Once again, it’s been quite a while since I’ve sat myself down to write, though I’ve been doing better and feeling mostly better. In a nutshell, here’s what’s going on: After having had a few weeks off for summer vacation back in January, I have gone back to work at my school. The insufferable weather in Buenos Aires is still miserable this time of year, but alas, now I have no choice but be a working adult again (or at least dress the part by putting on pants).
To be honest, I missed having a routine and structure to my day. I’m simply not cut out to be a hausfrau. What’s more, I have to admit that I missed my zany middle schoolers and all their pre-teen hijinks and shenanigans. I also attended a professional development workshop about differentiation in Brasilia last weekend (Zika virus be damned!).
At first, I was wary of going the differentiation seminar, mostly because making plans for the substitute is oftentimes more work than simply teaching the class yourself (#teacherproblems). Even after securing the Brazilian visa back in January, I still wasn’t exactly jumping for joy at the thought of professional development over a long weekend. However, now I can truthfully say that I am glad that I was given a slight push (and/or not-so-gentle kick in the butt) by some of my fellow co-workers to attend.
Well, even if I didn’t arrive with bells on in the beginning, at least I wasn’t dragging my feet and muttering obscenities under my breath like previous PD sessions.
The workshop was led by the guru of the differentiation world, Carol Ann Tomlinson, and even I have to admit, it was pretty informative. I got a lot of out it, even though it was just for two days.
I’ll be honest: my reluctancy to go in the first place stemmed from the fact that it’s just not in my personality to be enamoured with the concept of change and shaking things up at work. I’m quite comfortable in my cozy, little professional comfort zone, thankyouverymuch. I’ve got the two diplomas that say “TEACHER” on them, I’ve secured a stable and dignified job, so the quest for the holy teaching grail has been completed, right?
The bottom line is that quality teaching is a perpetually challenging, ongoing process. You won’t learn and grow if you aren’t open to change, at least not to your fullest potential; likewise, if you aren’t open to change, you won’t be able to teach to your fullest potential.
So what’s up with my clearly brilliant epiphany, you may ask? Where am I going with all this philosophy?
In the end, I have to say that the workshop that I went to was quite powerful. It reinforced this notion that I had first learned about in my student teaching days and identified with (though admittedly, a notion that I had put on a backburner in terms of practice for too long) – that whenever a teacher is able to create different learning opportunities to ultimately reach his/her students via instruction, assessment, and so on, the students are far more likely to be successful. And just like the distinct means of getting there, their personal version of academic goals are probably different as well.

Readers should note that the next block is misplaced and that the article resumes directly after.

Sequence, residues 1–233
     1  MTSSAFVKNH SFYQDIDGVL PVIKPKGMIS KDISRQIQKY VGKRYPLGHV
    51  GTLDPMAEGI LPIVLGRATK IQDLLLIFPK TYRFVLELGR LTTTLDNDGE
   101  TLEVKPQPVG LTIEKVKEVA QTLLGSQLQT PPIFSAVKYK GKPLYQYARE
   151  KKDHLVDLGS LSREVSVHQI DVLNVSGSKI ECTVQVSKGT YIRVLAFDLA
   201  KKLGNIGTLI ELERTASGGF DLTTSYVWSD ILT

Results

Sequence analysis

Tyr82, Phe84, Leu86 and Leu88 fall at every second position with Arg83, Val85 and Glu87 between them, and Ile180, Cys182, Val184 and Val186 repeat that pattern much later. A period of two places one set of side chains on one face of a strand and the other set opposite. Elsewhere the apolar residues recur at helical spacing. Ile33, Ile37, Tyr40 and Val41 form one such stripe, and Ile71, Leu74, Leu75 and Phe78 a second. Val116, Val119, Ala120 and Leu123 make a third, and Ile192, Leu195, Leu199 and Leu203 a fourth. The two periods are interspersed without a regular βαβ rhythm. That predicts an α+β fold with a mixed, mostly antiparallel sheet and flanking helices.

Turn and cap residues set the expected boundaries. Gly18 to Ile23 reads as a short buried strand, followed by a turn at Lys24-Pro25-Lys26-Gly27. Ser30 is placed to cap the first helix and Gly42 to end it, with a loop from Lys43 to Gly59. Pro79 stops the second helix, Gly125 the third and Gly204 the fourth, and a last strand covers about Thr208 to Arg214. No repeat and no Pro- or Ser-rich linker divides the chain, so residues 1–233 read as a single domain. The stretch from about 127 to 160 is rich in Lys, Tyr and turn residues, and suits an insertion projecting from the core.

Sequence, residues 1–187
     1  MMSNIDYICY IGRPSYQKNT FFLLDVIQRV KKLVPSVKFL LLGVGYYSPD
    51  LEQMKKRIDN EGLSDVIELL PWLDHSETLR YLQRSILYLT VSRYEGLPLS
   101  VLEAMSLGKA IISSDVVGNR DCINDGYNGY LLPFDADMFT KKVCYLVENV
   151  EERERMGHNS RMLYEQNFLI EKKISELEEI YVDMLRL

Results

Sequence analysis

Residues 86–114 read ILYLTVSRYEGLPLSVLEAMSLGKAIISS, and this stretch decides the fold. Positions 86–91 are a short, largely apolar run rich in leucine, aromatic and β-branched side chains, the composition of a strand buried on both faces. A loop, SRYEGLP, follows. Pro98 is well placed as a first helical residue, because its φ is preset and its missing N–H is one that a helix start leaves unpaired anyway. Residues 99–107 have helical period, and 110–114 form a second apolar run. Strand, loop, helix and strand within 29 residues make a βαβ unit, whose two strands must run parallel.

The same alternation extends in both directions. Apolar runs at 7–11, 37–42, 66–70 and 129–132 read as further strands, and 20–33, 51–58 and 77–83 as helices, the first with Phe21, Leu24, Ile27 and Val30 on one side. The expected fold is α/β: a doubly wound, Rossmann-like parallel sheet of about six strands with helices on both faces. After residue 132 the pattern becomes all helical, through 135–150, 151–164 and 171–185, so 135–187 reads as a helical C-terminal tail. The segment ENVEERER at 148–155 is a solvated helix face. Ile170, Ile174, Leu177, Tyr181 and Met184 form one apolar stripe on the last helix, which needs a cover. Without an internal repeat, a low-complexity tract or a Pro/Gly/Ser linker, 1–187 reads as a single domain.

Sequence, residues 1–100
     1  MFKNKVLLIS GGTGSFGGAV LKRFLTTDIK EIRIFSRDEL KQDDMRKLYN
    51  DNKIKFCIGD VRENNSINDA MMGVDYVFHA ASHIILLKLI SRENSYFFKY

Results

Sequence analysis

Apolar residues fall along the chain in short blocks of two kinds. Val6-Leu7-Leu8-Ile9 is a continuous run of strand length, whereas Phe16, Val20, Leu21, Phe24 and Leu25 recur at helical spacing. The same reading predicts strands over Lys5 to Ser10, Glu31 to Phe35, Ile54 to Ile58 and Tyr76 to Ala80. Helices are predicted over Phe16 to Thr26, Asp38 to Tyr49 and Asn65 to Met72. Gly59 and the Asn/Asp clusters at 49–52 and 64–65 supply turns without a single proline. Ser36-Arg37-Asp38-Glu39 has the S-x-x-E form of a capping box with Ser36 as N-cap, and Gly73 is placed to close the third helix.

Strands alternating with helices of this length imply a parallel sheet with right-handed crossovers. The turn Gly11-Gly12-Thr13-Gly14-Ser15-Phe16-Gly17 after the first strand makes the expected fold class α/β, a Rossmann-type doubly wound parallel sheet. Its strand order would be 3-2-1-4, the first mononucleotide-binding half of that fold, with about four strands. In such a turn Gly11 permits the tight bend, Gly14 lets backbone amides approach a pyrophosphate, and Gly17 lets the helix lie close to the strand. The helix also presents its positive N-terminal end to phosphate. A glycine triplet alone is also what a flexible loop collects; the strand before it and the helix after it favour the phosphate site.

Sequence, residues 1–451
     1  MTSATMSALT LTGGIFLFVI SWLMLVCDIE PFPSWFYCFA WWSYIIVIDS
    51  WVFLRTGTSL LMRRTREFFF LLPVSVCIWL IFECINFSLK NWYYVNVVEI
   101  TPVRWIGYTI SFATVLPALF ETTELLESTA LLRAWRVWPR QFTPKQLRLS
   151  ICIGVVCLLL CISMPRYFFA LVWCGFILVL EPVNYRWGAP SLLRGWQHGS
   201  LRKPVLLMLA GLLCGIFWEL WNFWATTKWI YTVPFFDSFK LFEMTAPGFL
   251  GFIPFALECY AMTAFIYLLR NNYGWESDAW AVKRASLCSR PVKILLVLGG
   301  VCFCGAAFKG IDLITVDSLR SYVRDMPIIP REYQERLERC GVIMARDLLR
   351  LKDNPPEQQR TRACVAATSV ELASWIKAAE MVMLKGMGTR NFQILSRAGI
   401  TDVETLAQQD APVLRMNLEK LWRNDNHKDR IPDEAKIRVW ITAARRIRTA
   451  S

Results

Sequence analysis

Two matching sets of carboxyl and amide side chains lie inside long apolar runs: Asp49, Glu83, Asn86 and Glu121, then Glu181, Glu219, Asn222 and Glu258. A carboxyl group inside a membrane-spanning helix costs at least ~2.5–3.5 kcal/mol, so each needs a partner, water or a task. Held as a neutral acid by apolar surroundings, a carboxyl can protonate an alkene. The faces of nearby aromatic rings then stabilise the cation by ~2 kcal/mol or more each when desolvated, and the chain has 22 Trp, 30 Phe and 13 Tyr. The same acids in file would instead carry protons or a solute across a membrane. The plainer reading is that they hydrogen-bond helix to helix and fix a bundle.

To make a feeble analogy (it’s late in the day and I’m hungry, so bear with me), differentiated instruction is like art. Art is something innate to the human race, but we’ve all got our preferences and preferred techniques to create it. Some of us feel shaky at it, others feel far more confident and skilled, but we are all able to produce art. We also view it differently. Just like learning.
For more than 10 years now, I have formally taught ESL in the classroom, and even on the rare occasion that all my students in a class happened to share the same grade level and native language, they definitely didn’t learn the same way.
What I got out of the workshop is that the concept of differentiation is adjusting the way you teach to be able to reach all students by using a variety of strategies and techniques, and different levels of support. When you offer a choice and a voice in how they learn, they are much more likely to feel invested in what is being taught. My ESL students have been able to thrive best when I have been able to give them this. It has been especially true when I have been able to get them to collaborate together (just like the class where they filmed their own , wildly popular Titanic II Movie after reading about the history behind it).
Now I’m not saying that differentiation implies that every student is a precious snowflake who merits their own IEP. What I am saying, however, is that is if we as teachers are able to keep in mind more of a Vygotsky-esque approach for differentiation, the potential results would be a worthwhile investment.
Making worthwhile adjustments like these takes time, and I know that I am not going to hit it out of the park each time I try out this new concept. But I owe it to my crazy kids to at least try.
You can’t teach without learning, and you can’t learn without teaching.